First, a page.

Auriel Camerata’s Artistic Director Derek W. Stannard writes about tuning, virtuosity, and the peerless “Rosary” Sonatas of Heinrich Biber.
No, this is definitely not Justin.
Heinrich Ignaz Franz von Biber (1644-1704) was a Bohemian-Austrian composer and virtuosic violinist whose talents brought him to Salzburg, Austria – the musical epicenter of the Baroque period – where he remained for the rest of his life. Of his prolific output, the “Rosary” or “Mystery” Sonatas are certainly ranked as some of the most important. The difficulty of these sonatas, built thematically around Christian Rosary devotion, is what brought these pieces back to life when they were published for the first time in 1905, some 230 years after they were composed.
These sonatas, for solo baroque violin and portative (read about portatives here), remained officially unnamed due to their missing cover page. However, their large divisions, listed as the five Joyful Mysteries, five Sorrowful Mysteries, and five Glorious Mysteries, make it evident what they might have been called.
These works are presented in a “scordatura” style, (literally meaning mis-tuning), or that the tuning of the violin is different than normal tunings. This complicated technique requires the player to see on pitch on the page, but to play a different one! This presents opportunities for a wider range of pitches and changes in timbre, the latter being most important for Biber.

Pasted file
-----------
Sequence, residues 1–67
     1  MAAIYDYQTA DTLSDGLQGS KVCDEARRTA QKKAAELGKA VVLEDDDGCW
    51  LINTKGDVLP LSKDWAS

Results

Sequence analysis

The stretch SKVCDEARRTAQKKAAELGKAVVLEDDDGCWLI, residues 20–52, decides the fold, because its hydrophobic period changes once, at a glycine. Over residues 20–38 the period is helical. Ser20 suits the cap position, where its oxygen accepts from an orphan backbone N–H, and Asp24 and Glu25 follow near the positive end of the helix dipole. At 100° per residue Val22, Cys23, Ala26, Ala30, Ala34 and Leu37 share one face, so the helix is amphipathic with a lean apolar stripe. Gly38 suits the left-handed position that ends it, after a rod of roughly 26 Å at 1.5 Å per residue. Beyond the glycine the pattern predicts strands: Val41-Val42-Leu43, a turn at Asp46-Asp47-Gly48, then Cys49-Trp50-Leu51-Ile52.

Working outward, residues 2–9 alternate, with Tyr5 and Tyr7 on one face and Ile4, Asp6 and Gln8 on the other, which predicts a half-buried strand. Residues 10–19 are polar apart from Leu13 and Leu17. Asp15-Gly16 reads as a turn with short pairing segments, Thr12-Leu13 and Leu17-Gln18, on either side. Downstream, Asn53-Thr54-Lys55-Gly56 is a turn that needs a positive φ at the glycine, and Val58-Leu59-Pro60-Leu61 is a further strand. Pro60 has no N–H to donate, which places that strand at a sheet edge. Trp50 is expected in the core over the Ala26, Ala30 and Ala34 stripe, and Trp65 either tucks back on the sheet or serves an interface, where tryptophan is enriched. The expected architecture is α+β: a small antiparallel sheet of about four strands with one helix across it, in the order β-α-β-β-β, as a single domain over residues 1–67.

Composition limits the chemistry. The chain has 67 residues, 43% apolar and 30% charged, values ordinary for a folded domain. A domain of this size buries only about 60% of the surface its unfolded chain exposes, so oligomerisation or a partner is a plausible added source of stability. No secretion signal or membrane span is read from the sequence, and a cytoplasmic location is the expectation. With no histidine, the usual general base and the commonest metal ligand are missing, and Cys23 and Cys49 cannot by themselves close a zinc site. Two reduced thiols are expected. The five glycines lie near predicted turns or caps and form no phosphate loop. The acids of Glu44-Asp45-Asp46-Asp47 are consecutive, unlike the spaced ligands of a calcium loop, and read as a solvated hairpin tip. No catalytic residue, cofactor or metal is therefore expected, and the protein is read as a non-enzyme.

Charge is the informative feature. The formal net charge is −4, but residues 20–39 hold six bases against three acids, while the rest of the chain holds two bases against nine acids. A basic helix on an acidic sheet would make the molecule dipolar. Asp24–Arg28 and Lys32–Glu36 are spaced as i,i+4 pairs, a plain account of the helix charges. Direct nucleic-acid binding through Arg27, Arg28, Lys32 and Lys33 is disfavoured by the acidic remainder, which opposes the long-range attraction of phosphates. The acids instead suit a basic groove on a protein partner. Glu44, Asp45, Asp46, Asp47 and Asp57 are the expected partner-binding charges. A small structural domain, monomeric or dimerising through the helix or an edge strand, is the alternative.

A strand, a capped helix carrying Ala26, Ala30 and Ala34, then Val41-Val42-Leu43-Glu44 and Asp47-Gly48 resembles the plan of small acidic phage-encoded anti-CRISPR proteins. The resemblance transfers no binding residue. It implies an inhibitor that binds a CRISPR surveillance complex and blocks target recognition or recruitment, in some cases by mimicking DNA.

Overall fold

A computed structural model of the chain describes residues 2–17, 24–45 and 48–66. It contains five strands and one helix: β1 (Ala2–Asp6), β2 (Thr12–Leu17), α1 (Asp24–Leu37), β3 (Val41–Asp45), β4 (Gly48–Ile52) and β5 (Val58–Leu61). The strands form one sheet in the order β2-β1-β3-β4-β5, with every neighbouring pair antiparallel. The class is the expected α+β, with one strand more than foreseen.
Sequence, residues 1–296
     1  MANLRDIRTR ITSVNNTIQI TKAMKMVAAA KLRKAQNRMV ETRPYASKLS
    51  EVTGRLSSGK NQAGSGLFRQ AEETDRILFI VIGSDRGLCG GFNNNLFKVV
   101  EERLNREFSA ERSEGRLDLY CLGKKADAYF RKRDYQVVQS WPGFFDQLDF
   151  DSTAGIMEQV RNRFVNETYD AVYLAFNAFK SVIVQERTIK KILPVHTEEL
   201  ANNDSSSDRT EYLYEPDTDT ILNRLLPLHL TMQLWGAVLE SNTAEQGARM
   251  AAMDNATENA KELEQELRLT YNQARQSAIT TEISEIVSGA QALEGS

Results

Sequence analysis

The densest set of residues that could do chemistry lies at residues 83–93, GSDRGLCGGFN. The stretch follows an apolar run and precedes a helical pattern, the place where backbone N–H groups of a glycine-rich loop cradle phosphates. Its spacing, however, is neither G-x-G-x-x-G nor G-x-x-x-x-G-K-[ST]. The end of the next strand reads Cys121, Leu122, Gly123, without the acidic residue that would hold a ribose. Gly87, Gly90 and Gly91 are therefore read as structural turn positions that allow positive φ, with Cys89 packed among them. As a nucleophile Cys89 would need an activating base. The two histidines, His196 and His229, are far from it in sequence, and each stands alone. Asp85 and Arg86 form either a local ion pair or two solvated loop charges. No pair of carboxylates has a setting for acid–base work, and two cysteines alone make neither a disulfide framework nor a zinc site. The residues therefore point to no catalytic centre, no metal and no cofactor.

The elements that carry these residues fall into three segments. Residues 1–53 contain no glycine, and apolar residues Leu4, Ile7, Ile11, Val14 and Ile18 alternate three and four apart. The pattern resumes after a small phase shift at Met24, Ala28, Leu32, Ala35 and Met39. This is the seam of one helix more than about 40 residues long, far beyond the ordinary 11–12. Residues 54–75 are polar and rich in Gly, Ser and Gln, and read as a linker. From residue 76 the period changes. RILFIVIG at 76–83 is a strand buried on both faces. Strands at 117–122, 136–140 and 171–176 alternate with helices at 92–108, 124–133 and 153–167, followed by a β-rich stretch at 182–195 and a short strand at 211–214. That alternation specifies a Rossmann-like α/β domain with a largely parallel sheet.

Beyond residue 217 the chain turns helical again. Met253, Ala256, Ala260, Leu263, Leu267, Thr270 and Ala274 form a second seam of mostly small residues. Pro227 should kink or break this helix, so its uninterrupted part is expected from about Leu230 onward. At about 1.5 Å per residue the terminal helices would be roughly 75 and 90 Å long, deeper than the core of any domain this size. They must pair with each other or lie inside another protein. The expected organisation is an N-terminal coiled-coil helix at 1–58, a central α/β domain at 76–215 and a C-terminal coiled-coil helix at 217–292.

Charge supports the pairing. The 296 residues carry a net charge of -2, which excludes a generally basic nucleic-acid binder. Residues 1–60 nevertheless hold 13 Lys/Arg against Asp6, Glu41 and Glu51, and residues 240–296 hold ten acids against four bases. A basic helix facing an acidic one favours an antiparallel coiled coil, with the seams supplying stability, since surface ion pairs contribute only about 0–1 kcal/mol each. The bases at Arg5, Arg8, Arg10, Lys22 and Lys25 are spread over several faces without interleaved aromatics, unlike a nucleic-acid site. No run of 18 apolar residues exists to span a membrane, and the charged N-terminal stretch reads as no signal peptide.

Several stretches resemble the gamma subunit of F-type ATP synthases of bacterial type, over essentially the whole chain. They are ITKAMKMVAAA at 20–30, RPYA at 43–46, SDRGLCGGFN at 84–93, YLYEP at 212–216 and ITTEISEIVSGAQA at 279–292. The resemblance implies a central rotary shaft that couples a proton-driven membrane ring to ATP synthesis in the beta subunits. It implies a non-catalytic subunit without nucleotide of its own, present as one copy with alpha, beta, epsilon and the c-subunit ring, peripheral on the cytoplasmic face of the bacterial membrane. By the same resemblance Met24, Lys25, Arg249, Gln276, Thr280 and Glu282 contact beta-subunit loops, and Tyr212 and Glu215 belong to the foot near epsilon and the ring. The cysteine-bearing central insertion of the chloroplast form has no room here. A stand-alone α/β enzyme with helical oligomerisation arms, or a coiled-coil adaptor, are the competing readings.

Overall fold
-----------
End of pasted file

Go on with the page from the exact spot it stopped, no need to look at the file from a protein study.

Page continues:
Jeremy Eichler, music critic for the New York Times, wrote of Biber’s scordatura usage: “Each new configuration is a secret key to an invisible door, unlocking a different set of chordal possibilities on the instrument, opening up alternative worlds of resonance and vibration”.
You can hear the talented and rising young baroque violinist Juan Carlos Zamudio play these matchless works of beauty at our November 7th Bach & Biber Concert at St. Paul’s Episcopal Church in Troy NY. Click on the link for more information, and to purchase your tickets online! We hope to see you there!
Eichler, Jeremy (2011). Reciting a Rosary, but in Sonata Form. New York Times.